“We need all those skills to succeed in life, but especially to succeed in school.”

Dr. Marshall goes on to explain that extensive clinical research shows that the omega-3 essential fatty acids found in fish oil help nourish the brain and offer key benefits in these areas.

Unfortunately, Americans of all ages consume too few omega-3s, found in cold-water fish like salmon and sardines.
This problem is made worse by the fact that most people also consume too many omega-6s–essential fatty acids that compete for space with omega-3s in our cells and contribute to poor health. Omega-6 fatty acids are found in processed foods and in vegetable oils like corn and soy found in so many of the foods we eat.

“This imbalance in the ratio of omega-3 to omega-6 fats,” Dr. Marshall says in Amazing Grades, “can promote inflammation and may contribute to a variety of health problems, including attention deficit/hyperactivity disorder (ADHD), dyslexia, autism spectrum disorders, and other behavioral and psychological issues.

The good news, Dr. Marshall says, is that a growing number of studies indicate that omega-3 fatty acids can have powerful, positive effects throughout the body, including in the brain.
Click the image to enter your school
Some of the impressive findings include:

Attention and Behavior: In a University of South Australia clinical study, 132 children with ADHD between the ages of 7 and 12 who were not on medication were given fish oil capsules. At the end of the study, they were calmer, less impulsive, and showed improvements in attention, behavior, and vocabulary.

Higher Grades and Test Scores: Studies show that just the simple addition of cold-water fish to the diet once a week improves grades and leads to higher scores on intelligence tests.

Learning and Literacy: Improvements in verbal learning and spelling, better information retention, and even taking fewer sick days from school were some of the outcomes noted in a group of children who regularly took omega-3 fish oil supplements. That research was conducted with 355 children between the ages of 7 and 12.

Memory and Problem Solving: During pregnancy, mothers preferentially transfer their own stores of omega-3 to their developing babies. “Researchers have found that children whose mothers consumed enough of these healthy fats while pregnant are more likely to score higher on tests of memory function,” Dr. Marshall writes, “while other evidence suggests that babies who receive formula supplemented with EPA and DHA do better at problem-solving tasks than their peers.”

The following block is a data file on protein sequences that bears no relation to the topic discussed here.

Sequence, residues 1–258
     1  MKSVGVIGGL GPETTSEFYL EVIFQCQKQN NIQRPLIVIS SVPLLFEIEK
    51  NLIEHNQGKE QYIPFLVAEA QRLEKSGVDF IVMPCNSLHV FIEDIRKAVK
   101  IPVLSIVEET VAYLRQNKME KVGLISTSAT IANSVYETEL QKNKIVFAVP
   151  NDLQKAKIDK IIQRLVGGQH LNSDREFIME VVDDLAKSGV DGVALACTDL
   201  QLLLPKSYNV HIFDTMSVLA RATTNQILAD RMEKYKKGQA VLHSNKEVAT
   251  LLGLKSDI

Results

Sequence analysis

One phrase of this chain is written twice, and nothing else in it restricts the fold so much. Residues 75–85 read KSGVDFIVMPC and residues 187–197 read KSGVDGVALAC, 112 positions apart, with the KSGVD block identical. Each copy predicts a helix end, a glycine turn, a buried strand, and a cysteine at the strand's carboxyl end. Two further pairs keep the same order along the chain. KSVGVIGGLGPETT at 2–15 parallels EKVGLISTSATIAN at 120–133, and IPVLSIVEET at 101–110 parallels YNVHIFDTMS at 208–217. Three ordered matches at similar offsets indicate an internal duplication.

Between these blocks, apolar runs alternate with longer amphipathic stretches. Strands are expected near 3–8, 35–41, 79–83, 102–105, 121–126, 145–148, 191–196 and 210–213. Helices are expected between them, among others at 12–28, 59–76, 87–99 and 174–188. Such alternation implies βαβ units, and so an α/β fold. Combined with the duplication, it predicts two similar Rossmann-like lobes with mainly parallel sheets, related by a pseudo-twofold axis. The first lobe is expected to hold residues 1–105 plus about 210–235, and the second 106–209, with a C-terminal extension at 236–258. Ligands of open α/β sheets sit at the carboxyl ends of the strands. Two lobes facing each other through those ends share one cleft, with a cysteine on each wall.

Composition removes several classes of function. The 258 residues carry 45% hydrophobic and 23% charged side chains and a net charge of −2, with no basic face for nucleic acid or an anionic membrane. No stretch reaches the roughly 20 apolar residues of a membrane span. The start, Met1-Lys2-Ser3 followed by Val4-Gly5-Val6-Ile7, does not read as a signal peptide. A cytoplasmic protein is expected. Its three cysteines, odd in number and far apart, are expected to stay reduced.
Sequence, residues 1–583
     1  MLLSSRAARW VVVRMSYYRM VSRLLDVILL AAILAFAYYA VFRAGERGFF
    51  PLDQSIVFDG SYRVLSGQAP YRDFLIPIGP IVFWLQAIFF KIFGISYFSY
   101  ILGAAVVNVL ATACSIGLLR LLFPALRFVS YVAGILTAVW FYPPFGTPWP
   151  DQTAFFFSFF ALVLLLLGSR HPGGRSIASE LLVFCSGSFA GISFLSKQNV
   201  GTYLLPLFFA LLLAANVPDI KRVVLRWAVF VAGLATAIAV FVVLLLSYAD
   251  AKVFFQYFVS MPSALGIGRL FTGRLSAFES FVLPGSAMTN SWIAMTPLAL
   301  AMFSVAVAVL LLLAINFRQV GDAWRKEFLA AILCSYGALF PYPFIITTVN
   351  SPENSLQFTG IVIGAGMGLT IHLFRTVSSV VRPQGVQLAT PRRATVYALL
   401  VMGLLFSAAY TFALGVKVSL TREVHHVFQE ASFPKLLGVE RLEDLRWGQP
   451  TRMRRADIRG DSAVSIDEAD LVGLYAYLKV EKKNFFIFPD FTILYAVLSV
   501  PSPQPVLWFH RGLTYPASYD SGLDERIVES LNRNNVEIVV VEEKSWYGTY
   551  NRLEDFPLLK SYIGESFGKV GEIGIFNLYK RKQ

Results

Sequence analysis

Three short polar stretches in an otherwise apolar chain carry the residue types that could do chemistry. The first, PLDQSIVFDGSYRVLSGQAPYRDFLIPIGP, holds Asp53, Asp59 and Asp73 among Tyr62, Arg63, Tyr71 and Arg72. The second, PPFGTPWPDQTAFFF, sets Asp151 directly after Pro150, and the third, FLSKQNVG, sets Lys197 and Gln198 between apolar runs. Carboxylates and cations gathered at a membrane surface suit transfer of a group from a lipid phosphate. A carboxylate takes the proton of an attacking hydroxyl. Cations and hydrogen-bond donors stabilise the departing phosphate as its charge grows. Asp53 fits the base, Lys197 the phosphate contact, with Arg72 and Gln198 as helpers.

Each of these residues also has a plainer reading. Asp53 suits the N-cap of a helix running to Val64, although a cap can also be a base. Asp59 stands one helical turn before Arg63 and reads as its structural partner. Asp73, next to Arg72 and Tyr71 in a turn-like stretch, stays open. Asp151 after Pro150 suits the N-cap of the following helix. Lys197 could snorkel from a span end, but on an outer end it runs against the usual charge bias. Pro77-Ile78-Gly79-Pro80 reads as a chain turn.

Lasting Benefits: Research also supports the fact that taking omega-3s has lasting cognitive benefits. Eighteen-year-olds who ate more fish at 15 outperformed their non-fish eating counterparts on tests of combined intelligence, verbal performance, and visiospatial performance.

Dr. Marshall summarizes, in Amazing Grades, “Studies like these demonstrate just how important it is to get omega-3s throughout childhood and adolescence. Yet most people aren’t getting anywhere near what they should. That’s why I and many health care experts recommend supplementing with omega-3s in the form of fish oil (algae oil if you’re vegetarian).”

Dr. Marshall recommends Nordic Naturals award-winning supplements for children because of their exceptional purity and freshness, delivery systems kids enjoy (gummies, chewable soft gels and liquids), and great taste.

To read more of Dr. Marshall’s article, enter your school in the Nordic Naturals What’s Essential School Supplies Giveaway and win a copy of Pat Wyman’s best-selling book Amazing Grades for your school library!

PatPat Wyman
Founder,  (707) 837 8180
Best selling author, Amazing GradesSpelling Made Easy and more - Amazon Author Page
College Professor for teachers”Be ashamed to die before you have won some victory for humanity.” Horace Mann”There are two ways to live your life; one as if nothing is a miracle, and the other as if everything is a miracle.”  Albert Einstein
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Thank you Pat Wyman and!

Doc Meek, Wed, Sept 25, 2013, Calgary, Alberta, CANADA

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“Can emotional intelligence be taught?” – Jennifer Kahn

 Call (587) 400-4707 right now to set up your FREE initial consultation with Dr. Meek, or click the banner below.

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Today I am full of gratitude for people like Jennifer Kahn, who asks, “”If everybody knows that test scores and grades aren’t the keys to success, how do we teach, and measure, the things that are?” – Doc Meek, Wed, Sept 11, 2013, Calgary, Alberta, CANADA

In an article in The New York Times, Education Issue, Sept 11, 2013, Jennifer Kahn outlines programs some schools and some teachers are successfully using to mitigate the damage caused by emotional trauma. It’s not just the emotional damage, it’s the educational damage! Thank you, Jennifer Kahn!

HERE IS THE LINK to Jennifer’s article:

THE EDUCATION ISSUE of The New York Times, September 11, 2013

Can Emotional Intelligence Be Taught?

  • Photos by Holly Andres for The New York Times